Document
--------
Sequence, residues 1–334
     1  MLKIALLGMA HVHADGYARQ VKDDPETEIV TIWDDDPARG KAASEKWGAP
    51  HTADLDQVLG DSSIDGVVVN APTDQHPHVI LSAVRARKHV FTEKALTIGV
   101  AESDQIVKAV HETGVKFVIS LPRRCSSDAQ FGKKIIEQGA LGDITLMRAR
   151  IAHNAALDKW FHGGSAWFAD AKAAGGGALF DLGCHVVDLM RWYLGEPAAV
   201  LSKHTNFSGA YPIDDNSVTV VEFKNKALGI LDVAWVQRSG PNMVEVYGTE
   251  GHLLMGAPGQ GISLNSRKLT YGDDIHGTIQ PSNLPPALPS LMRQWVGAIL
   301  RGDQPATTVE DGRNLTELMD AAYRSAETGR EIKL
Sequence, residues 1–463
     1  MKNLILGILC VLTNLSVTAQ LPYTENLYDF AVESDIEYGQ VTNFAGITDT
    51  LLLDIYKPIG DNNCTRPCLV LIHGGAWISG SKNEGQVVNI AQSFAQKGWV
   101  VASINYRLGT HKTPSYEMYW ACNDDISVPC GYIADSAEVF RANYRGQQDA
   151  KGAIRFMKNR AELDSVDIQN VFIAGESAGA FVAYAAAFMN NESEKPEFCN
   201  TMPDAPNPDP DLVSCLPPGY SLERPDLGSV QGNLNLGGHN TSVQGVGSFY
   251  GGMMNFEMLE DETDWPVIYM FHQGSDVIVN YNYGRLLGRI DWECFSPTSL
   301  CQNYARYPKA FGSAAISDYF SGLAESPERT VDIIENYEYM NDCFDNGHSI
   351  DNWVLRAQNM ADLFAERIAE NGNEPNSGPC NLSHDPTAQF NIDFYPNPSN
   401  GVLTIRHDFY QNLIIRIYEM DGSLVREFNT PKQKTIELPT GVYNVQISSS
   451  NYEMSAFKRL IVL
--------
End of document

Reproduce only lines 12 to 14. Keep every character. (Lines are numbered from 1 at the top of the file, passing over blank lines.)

   101  VASINYRLGT HKTPSYEMYW ACNDDISVPC GYIADSAEVF RANYRGQQDA
   151  KGAIRFMKNR AELDSVDIQN VFIAGESAGA FVAYAAAFMN NESEKPEFCN
   201  TMPDAPNPDP DLVSCLPPGY SLERPDLGSV QGNLNLGGHN TSVQGVGSFY